He found Ducaul and The Guardian in the war room where he had left them. He stopped, his breath slowing, the tube was not meant for fits of sudden activity. He caught his breath and managed not to faint from lack of air. The two men stared at him bewildered.

“What is it, your grace?”

Tin straightened his posture, “I think I know what to do,” Ducaul looked confused, but the Guardian stood.

“Then let us prepare.”

“Ducaul bring your men and everyone in the city to the walls.” Ducaul looked at Tin as if he was crazy. “Everyone, Ducaul,” Ducaul stood and moved off to do his task.

The Guardian followed. Tin sat down in his chair and let his lungs rest. He closed his eyes and prayed to the dead gods that this would work.

He brought them within sight of the gates. They had not even bothered to close them. He laughed at how stupid the humans could be. He wondered if he would meet The Guardian here as well. He could finish him once and for all.

The gates creaked open easily. Not even a barrier to try to block the advance. Maybe he had caught them unaware. He laughed at their slaughter. It calmed his insides. The death of the humans would be eminent and pleasing.

His dead army marched through the gates. He followed them into the city. He did not eye a single man, woman, or child. He turned and looked behind him, there was nothing. No sign of a fleeing army, they could not have vanished. He looked towards the castle; they would hide in the biggest building, like rats. He had remembered rats and their scared manner. He chuckled comparing the humans to them. He had to admit they were the hardest creatures to kill, but soon they too would be gone.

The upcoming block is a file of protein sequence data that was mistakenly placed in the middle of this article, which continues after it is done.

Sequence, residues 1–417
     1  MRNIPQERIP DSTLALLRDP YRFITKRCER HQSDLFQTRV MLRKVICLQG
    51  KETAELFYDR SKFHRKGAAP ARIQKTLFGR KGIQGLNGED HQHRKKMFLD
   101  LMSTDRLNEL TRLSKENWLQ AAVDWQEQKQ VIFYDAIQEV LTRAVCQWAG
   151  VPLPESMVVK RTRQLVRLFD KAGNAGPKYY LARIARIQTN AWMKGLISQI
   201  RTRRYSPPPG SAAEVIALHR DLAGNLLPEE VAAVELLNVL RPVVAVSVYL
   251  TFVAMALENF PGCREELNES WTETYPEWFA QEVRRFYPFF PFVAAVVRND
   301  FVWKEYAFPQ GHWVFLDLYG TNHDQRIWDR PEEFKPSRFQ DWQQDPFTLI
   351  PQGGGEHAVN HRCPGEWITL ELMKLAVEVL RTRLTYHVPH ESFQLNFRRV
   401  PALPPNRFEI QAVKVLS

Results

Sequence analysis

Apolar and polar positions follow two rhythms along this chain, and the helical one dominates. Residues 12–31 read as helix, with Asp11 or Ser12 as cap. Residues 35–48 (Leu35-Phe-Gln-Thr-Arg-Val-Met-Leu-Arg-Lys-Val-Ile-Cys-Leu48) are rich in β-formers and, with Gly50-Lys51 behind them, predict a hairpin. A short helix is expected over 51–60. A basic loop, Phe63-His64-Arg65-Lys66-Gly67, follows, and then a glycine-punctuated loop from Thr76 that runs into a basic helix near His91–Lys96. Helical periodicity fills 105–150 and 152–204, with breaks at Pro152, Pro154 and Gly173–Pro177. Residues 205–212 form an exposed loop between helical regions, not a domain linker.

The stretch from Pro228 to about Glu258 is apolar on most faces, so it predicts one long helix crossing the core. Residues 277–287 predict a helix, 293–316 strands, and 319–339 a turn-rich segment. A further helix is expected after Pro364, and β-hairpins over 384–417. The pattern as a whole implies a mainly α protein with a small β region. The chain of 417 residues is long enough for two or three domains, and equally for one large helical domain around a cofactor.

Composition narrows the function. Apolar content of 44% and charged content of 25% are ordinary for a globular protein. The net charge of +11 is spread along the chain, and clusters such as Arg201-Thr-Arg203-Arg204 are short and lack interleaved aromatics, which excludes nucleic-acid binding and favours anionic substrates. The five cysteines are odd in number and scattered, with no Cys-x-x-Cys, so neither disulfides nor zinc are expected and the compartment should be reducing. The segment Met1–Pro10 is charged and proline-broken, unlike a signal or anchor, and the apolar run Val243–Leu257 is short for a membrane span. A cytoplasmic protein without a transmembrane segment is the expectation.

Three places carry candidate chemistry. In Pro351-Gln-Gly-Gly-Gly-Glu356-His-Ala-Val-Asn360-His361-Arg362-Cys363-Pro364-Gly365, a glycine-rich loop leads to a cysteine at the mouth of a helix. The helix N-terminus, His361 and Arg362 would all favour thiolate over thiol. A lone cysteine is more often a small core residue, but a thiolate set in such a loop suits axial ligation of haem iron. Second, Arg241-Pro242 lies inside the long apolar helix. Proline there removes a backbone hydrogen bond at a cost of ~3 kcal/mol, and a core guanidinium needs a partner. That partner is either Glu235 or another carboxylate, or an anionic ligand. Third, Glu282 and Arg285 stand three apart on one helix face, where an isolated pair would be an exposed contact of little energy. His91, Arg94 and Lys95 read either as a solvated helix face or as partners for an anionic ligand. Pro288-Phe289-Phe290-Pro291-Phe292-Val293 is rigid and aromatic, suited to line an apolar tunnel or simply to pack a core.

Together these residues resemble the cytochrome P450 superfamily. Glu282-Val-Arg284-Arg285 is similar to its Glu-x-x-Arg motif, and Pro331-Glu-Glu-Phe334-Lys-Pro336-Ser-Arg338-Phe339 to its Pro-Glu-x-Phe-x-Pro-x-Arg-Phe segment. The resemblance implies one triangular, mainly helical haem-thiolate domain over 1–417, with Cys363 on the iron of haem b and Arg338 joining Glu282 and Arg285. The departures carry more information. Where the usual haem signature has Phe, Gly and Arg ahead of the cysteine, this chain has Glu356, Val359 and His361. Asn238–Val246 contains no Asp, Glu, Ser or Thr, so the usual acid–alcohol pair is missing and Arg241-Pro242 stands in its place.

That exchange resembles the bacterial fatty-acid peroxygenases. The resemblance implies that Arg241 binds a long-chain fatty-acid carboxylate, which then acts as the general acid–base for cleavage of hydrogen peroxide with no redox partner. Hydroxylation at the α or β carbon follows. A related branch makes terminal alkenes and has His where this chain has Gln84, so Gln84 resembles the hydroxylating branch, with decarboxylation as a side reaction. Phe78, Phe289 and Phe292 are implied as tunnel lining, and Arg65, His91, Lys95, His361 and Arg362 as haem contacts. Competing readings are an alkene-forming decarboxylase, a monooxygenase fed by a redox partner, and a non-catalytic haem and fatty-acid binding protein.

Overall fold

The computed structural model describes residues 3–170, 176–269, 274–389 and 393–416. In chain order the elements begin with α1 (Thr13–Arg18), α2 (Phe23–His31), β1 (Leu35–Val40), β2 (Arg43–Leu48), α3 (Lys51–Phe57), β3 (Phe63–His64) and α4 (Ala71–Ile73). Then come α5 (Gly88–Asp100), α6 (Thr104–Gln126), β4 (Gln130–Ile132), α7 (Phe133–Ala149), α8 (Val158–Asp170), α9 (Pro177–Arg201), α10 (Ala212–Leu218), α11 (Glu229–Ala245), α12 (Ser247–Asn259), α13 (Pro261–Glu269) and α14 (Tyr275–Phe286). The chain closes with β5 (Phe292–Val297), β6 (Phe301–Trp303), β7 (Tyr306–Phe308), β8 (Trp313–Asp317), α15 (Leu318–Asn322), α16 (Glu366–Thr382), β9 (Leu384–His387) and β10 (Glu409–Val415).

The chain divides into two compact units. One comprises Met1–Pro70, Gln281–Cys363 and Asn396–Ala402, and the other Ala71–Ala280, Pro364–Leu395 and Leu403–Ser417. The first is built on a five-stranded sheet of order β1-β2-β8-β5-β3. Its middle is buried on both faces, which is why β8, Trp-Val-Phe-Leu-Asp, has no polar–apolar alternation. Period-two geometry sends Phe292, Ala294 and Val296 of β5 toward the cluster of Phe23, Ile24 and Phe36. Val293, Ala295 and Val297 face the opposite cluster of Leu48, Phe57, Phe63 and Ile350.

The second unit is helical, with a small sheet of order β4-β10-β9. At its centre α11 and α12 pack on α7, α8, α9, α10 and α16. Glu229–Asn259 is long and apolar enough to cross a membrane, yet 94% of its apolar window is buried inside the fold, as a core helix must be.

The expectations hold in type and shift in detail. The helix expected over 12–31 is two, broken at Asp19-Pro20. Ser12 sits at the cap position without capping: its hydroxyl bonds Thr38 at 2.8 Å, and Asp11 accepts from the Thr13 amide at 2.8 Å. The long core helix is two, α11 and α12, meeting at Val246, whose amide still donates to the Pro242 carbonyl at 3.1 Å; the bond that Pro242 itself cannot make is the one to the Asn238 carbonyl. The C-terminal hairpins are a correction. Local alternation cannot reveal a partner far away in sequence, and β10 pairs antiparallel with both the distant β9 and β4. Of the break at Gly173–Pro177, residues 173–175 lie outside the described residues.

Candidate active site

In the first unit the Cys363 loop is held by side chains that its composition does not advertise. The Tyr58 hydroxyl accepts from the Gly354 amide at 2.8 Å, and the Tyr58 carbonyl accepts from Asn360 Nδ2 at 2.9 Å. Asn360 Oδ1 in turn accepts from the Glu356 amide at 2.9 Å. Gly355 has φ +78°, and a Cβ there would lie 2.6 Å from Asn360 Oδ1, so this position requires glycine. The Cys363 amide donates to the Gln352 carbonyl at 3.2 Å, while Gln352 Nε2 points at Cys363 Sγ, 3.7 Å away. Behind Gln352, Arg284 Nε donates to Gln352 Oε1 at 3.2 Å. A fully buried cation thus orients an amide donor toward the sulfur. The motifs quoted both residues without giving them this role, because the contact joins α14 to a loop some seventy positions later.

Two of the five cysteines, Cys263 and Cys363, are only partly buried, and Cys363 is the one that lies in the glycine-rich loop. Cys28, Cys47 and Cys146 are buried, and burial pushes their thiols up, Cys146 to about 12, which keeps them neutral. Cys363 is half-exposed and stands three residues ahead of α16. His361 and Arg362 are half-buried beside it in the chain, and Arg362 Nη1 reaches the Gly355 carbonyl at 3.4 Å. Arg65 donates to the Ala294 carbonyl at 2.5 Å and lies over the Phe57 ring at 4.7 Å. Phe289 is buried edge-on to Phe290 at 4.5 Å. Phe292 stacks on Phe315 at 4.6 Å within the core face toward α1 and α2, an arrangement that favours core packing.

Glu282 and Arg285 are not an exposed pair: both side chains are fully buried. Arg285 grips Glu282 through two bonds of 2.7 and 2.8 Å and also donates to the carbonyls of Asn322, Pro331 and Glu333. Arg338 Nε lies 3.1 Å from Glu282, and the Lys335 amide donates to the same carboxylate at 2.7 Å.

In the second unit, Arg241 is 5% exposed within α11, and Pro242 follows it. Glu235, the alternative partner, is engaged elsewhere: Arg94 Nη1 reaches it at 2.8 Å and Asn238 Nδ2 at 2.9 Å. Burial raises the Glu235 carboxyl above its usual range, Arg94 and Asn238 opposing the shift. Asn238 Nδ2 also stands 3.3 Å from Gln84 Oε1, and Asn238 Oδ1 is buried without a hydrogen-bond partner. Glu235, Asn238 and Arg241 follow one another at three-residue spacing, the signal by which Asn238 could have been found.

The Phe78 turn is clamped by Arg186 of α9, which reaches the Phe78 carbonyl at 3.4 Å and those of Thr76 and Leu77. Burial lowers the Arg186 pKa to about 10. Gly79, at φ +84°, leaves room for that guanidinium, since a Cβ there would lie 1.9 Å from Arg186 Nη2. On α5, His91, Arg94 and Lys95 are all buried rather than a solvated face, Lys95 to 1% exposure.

He marched his army further into the city gates. The last of them trickled in behind him. As the last wisp moved into the city, the big wooden doors shut behind him. He looked around. How could that be? What had closed the doors? Then without warning, he heard them. The humans had tricked him. They sat on the walls. He heard their bullets whizzing past him. His army dropped like the dead they were. He let out a scream.

The man in black screamed loudly and Tin aimed directly for him. His bullet missed. A flash of light came from the man’s hand. The Guardian blocked it. Tin let out a sigh of relief. He aimed again and his bullet missed again. He moved off for easier targets and the dead dropped. He killed rows of them. Then as he took in the chaos, he realized there were barely a handful of them left already. His plan had worked. He stood and looked towards his men. Not a single scratch upon them. He turned his back and then he felt it, the ice grabbed his spine, and the light blinded his eyes, and then he was falling. In the midst of his fall, he saw The Guardian reaching out. He had tried to stop it, but it was too late. Tin hit the ground.

The Guardian jumped down, following Tin. He was too late. The King was dead. He looked towards The Reaper. He shot light directly at him. The Reaper was too fast. He moved. His eyes alighted on the dead King. The guardian could feel his elation. Then he looked around him again. His army was dead. The Guardian took his shot. The white beam grazed The Reapers shoulder. He howled in pain. The Guardian moved forward. He would end this now. The Reaper shook his head. He was hurt, but not nearly bad enough. He waved his hands, and in a puff of smoke, he was gone. The Guardian sighed. Victory often had its defeats.

Following the war, Ducaul became The King. Tierney married him a summer later and became The Queen. The Guardian stayed by their side and protected the land. The following summer, the first rays of sunlight poked through the clouds. The war was won. The Reaper was not dead, but he was weakened. That allowed the world to breathe. They buried Tin inside the garden walls. They were amazed at the sight of the first tree they had ever seen sprouting from his grave.

Previous Page |